The Court observed that the Commissioner cannot initiate proceedings with a view to starting fishing and roving enquiries in the matters or orders which are already concluded. The power u/s.263 can be exercised only when the order is erroneous and due to this, prejudice has been caused to the interests of the Revenue. The order cannot be branded as erroneous by the Commissioner because according to him the order should have been written more elaborately. The Court observed that when ITO has exercised the quasi-judicial power vested in him in accordance with the law and arrived at a conclusion, such a conclusion cannot be termed to be erroneous simply because the Commissioner doesn’t feel satisfied with the conclusion. The Court held that in order to exercise power u/s.263, the order must be presented in material before the CIT and if that order was erroneous in so far as it is prejudicial to the interests of the Revenue. Accordingly, the Court decided in favour of the assessee and against the Revenue.
Recently, in the case of CIT v. Arvind Jeweller, 259 ITR 502 (Guj.), the Court held that the assessee had produced relevant material and offered explanations in pursuance of the notices issued u/s.142(1) as well as u/s.143(2) of the Act and after considering the materials and explanations, the Income-tax Officer had come to a definite conclusion. Merely because the Income-tax Officer had taken a particular view with which the Commissioner did not agree cannot form the basis for an action u/s.263 of the Act and as such order of Revision was not justified. The Gujarat High Court applied the principles laid down by the Supreme Court in the case of Malabar Industrial Co. Ltd.’s. case mentioned above and decided the case in favour of the assessee.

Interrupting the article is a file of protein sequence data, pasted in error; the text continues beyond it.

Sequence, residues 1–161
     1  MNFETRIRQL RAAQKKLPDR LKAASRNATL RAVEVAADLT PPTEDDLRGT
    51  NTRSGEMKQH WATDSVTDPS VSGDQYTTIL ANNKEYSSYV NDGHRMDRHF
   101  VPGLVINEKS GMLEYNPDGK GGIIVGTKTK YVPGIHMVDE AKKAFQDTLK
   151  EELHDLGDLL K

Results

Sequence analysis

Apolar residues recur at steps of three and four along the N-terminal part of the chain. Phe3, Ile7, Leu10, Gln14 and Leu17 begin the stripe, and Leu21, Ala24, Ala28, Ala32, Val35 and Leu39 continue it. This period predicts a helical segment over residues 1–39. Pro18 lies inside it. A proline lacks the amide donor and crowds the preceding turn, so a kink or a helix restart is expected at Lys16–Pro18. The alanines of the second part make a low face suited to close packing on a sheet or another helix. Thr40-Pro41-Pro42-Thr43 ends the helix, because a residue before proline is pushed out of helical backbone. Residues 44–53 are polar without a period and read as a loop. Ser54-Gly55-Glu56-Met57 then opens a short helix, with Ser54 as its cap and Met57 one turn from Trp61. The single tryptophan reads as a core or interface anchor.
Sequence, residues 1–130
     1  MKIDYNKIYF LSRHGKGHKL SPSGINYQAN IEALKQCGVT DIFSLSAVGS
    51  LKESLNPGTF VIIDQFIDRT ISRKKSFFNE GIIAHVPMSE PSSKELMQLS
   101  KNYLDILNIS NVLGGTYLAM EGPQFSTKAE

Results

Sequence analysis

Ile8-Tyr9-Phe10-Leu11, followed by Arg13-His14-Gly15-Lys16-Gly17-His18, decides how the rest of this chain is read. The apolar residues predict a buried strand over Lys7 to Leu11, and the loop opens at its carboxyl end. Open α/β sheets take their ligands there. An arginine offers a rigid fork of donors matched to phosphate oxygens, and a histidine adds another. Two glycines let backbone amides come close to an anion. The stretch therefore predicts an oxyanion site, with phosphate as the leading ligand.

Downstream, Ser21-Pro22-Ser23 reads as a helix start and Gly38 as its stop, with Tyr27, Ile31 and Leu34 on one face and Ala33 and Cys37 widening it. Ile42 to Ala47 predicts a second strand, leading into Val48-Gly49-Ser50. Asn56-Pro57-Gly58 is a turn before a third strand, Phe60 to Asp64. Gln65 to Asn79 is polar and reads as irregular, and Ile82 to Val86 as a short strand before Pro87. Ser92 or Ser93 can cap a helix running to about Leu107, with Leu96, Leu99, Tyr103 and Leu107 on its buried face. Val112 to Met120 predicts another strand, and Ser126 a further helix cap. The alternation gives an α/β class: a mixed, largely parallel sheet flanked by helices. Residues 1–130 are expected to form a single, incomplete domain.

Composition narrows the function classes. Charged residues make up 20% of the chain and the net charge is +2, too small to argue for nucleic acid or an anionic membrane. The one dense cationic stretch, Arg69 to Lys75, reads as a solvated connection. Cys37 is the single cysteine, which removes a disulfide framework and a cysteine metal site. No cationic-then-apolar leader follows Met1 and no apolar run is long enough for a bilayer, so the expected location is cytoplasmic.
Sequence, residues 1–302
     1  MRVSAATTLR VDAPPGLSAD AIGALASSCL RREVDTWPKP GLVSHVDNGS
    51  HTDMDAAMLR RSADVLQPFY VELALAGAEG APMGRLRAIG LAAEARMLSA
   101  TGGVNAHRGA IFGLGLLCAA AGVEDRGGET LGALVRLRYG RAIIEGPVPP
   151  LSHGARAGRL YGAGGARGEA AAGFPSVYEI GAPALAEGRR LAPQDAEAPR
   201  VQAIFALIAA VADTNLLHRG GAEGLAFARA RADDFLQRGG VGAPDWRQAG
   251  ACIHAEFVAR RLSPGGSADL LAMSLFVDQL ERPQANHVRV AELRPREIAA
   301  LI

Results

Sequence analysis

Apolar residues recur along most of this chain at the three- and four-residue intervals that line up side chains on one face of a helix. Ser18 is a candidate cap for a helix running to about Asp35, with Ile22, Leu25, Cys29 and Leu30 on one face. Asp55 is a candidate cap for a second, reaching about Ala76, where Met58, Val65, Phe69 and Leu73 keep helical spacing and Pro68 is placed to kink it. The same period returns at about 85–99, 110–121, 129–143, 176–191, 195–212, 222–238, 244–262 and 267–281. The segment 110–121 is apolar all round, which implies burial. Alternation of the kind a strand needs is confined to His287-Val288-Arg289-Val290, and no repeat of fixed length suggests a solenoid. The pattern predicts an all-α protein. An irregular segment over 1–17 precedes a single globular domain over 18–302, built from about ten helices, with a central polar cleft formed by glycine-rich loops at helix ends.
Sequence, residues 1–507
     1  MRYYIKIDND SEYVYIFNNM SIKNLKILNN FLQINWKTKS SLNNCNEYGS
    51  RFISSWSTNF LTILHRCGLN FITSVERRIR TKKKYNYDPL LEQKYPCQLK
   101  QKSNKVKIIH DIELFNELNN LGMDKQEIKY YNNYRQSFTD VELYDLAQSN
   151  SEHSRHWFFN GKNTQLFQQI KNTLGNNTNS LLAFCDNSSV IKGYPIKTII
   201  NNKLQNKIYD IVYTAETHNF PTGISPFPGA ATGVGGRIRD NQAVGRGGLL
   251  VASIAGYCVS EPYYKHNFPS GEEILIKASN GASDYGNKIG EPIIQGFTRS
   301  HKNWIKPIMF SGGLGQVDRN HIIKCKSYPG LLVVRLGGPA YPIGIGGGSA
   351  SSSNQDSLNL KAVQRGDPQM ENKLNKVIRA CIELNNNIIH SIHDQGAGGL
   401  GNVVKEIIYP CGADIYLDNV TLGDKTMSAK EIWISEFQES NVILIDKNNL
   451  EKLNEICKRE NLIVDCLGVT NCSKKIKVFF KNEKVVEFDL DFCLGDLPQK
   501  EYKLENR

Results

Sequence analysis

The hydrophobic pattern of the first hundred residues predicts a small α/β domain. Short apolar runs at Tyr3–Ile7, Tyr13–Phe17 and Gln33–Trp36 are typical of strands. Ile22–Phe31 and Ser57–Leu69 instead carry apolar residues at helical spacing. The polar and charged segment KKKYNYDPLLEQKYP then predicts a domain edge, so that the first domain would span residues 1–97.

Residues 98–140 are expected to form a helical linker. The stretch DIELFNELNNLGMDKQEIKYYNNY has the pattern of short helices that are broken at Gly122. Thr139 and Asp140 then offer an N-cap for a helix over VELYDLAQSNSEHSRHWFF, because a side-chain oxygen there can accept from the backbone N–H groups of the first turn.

6. From the discussions held above, what emerges is that an order of assessment made by a primary authority may not be agreed to by a revisional authority. Merely, however, for the fact that the revisional authority disagrees with the findings of the primary authority, either in imposing liability or in refusing to impose any liability, such disagreement cannot be made a ground for interference with the order of the primary authority. An erroneous order, as is commonly understood, is not conceived by section 263. There has been unanimity in judicial opinion that the error committed by the primary authority must be an error of jurisdiction, for if the order is not kept confined to jurisdictional error, no distinction would be left between corrective powers or power of rectification conferred on an authority under the provisions of the Act and the revisional power exercisable by another authority. If the distinction between the power to reopen an assessment and the power to rectify is not distinguished from revisional jurisdiction, every incorrect order would become amenable to revisional jurisdiction and the fall out would be that revisional jurisdiction would then become exercisable even in a case where the provisions for initiating a rectification proceeding are attracted. Such an approach would lead to intermingling of powers by various authorities resulting in utter confusion and uncertainty.